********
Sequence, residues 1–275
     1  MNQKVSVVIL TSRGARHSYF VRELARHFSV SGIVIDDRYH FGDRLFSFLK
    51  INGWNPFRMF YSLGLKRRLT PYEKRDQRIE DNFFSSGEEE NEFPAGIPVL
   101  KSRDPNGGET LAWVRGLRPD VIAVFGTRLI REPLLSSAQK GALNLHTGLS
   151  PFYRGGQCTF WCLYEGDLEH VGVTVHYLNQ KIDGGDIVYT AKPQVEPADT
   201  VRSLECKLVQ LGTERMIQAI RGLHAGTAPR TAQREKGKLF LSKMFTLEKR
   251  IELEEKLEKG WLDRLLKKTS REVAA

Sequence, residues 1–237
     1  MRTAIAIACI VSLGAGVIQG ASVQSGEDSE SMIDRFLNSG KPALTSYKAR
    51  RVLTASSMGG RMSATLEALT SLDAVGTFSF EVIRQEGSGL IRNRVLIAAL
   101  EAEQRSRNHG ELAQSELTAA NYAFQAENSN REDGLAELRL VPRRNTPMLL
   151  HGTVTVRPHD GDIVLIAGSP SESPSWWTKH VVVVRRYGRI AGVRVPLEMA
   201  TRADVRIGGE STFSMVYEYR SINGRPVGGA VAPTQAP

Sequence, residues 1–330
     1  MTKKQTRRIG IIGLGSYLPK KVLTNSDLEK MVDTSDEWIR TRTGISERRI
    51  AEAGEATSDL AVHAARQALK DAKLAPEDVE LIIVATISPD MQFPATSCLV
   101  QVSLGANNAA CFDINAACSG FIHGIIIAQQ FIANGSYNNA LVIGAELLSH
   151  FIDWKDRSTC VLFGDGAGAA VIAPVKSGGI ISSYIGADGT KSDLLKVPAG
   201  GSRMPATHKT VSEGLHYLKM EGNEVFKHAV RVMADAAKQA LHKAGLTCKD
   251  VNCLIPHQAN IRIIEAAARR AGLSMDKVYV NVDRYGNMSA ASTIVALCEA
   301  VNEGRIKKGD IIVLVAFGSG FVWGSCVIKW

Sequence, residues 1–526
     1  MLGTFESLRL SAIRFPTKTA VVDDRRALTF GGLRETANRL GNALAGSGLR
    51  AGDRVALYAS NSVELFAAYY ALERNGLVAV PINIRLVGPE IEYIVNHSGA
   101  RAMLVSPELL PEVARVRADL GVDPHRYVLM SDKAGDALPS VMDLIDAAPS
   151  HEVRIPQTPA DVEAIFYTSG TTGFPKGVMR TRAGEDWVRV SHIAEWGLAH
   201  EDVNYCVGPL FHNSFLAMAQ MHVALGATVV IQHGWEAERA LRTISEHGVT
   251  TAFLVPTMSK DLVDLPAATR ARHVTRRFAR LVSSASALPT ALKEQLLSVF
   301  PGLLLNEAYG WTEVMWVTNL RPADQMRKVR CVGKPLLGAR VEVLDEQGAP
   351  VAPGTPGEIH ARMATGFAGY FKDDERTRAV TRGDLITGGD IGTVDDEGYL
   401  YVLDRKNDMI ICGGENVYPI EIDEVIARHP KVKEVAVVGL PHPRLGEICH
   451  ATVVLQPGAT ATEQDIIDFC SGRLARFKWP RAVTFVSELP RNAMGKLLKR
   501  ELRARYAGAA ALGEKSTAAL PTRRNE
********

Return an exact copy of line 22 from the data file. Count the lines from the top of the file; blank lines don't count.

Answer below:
Sequence, residues 1–526